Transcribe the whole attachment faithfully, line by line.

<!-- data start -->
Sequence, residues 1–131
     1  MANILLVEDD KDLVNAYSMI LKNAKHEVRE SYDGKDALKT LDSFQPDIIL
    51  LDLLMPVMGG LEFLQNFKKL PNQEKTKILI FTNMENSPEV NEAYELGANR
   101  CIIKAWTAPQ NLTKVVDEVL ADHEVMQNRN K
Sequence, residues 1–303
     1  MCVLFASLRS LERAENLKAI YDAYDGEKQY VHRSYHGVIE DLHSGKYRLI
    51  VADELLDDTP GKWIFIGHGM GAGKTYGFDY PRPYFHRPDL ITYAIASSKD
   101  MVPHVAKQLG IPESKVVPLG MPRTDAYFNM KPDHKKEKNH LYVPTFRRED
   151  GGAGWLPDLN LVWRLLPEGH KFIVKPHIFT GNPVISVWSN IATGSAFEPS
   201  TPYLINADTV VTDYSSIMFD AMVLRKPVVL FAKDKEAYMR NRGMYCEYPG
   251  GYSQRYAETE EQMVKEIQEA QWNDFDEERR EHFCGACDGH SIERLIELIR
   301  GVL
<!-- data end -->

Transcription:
Sequence, residues 1–131
     1  MANILLVEDD KDLVNAYSMI LKNAKHEVRE SYDGKDALKT LDSFQPDIIL
    51  LDLLMPVMGG LEFLQNFKKL PNQEKTKILI FTNMENSPEV NEAYELGANR
   101  CIIKAWTAPQ NLTKVVDEVL ADHEVMQNRN K
Sequence, residues 1–303
     1  MCVLFASLRS LERAENLKAI YDAYDGEKQY VHRSYHGVIE DLHSGKYRLI
    51  VADELLDDTP GKWIFIGHGM GAGKTYGFDY PRPYFHRPDL ITYAIASSKD
   101  MVPHVAKQLG IPESKVVPLG MPRTDAYFNM KPDHKKEKNH LYVPTFRRED
   151  GGAGWLPDLN LVWRLLPEGH KFIVKPHIFT GNPVISVWSN IATGSAFEPS
   201  TPYLINADTV VTDYSSIMFD AMVLRKPVVL FAKDKEAYMR NRGMYCEYPG
   251  GYSQRYAETE EQMVKEIQEA QWNDFDEERR EHFCGACDGH SIERLIELIR
   301  GVL